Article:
My gut tells me I need more impressions and to up the bids, but I might just be being impatient.

Another micro question.

One keyword has 15 impressions with 2 clicks and 1 sale.  Again, this isn't statically significant because it's such a small sample size, but let's say the keyword continues to function well and I want to try to get more impressions, do I simply up this keyword bid inside the existing ad?

Or is the common wisdom (which I've heard....I think....) to create an entirely new ad when you want to make changes like this?

Title: Re: A New AMS Thread
Post by: CassieL on June 25, 2018, 08:59:41 am
Edited to say: Sorry guys. Based on new ownership at this site and their response to legitimate author concerns I've chosen to withdraw from participation here.
Title: Re: A New AMS Thread
Post by: CasperValentine on June 25, 2018, 09:23:28 am
I recently came across an interesting scenario that makes no sense to me. I created an AMS ad using a list of hundreds of keywords I'd been working on and kept the default .25 CPC bid across the board. I was getting impressions but no clicks. My first thought was that it was possibly my ad copy, my blub, or look inside but when I looked closer at my keywords I noticed the ones I thought would be the best weren't getting any impressions at all. Nearly all the impressions were coming from just a handful of keywords and they were vague. For the keywords, I really liked I upped the CPC bid from $.25 to $.50. Almost immediate I started getting impressions and clicks. The part that confuses me is that none of the clicks have cost me greater than $.24.  With all of the clicks being under my first bid price I don't see how upping my bid should have had anything to do with things. I don't see how this can be right.
Title: Re: A New AMS Thread
Post by: Jena H on June 25, 2018, 09:53:33 am
As I mentioned a few weeks ago, I paused a long-running ad, because it had somewhat stalled and started costing more than it earned.  As the Independence Day holiday approaches, I'm tweaking some keywords (and adding a few) and will unpause the ad later this week.  The book has relevance to the Revolutionary War, so that's why I'm focusing on the holiday.  (Plus, it's the middle of summer, and who doesn't like a good book to read while on vacation??  8))  As always with this ad, my main goal is to sell paperbacks.  And of course read-through to subsequent books in the series.
Title: Re: A New AMS Thread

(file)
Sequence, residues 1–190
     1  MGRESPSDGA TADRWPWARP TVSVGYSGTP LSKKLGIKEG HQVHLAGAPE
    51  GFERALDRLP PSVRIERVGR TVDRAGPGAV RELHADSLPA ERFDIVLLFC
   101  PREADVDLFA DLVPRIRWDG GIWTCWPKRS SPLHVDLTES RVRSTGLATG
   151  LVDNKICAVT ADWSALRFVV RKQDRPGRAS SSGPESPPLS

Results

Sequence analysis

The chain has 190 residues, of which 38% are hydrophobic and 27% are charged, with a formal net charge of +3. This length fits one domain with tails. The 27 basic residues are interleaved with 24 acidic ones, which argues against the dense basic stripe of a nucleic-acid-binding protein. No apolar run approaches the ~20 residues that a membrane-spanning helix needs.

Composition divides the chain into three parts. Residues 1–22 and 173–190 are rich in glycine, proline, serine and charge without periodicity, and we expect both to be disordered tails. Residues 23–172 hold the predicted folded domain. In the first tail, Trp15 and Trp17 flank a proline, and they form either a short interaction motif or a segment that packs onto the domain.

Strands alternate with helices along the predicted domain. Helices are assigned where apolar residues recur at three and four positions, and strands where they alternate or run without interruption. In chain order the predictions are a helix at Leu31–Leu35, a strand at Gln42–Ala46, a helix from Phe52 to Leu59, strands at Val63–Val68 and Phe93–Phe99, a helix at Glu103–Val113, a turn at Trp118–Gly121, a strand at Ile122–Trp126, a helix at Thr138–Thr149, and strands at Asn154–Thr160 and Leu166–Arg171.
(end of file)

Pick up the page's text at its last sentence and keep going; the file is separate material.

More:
Post by: Jena H on June 27, 2018, 05:04:45 pm
As I mentioned a few weeks ago, I paused a long-running ad, because it had somewhat stalled and started costing more than it earned.  As the Independence Day holiday approaches, I'm tweaking some keywords (and adding a few) and will unpause the ad later this week.  The book has relevance to the Revolutionary War, so that's why I'm focusing on the holiday.  (Plus, it's the middle of summer, and who doesn't like a good book to read while on vacation??  8))  As always with this ad, my main goal is to sell paperbacks.  And of course read-through to subsequent books in the series.

Well, I think I discovered why my ad began to spend more money than it made.  And I'm an idiot.  Instead of changing one of my keyword bids to $0.20, I inadvertently changed it to $20.  :-[  :o  >:(   *head-desk*

Now, if you'll pardon me, I'm going to go rig up a way to kick myself in the butt repeatedly.   



Note to self:  each time I tweak keywords and bids, always run a 'sort' by bid, and be sure none of them are over $1.
Title: Re: A New AMS Thread
Post by: MichaelRyan on June 30, 2018, 08:35:07 am
Question regarding rejected ads.

So, my method right now:

Submit ads.
Half are rejected.
Re-submit same ad.
Half are rejected.
Re-submit same ad.
Half are rejected.

Eventually, it seems, I get them all running.

Same exact ad, I mean I literally open from the "edit" button (rename the SP again because it defaults--annoyingly--unlike the PD ads which retain their name like a stubborn step-child) and resubmit the campaign....

It's such a stupid waste of time.

Is there a workaround to this?  Or is it just what it is?

Title: Re: A New AMS Thread
Post by: Dpock on June 30, 2018, 09:24:58 am
I normally get 50-70 clicks in a 24 hour period. In the past 15 hours, I've received 200. Has anyone else noticed a big jump today?
Title: Re: A New AMS Thread
Post by: MichaelRyan on June 30, 2018, 10:33:03 am
I normally get 50-70 clicks in a 24 hour period. In the past 15 hours, I've received 200. Has anyone else noticed a big jump today?

A new SP ad I created only yesterday has 800 clicks as of now, which was surprisingly fast.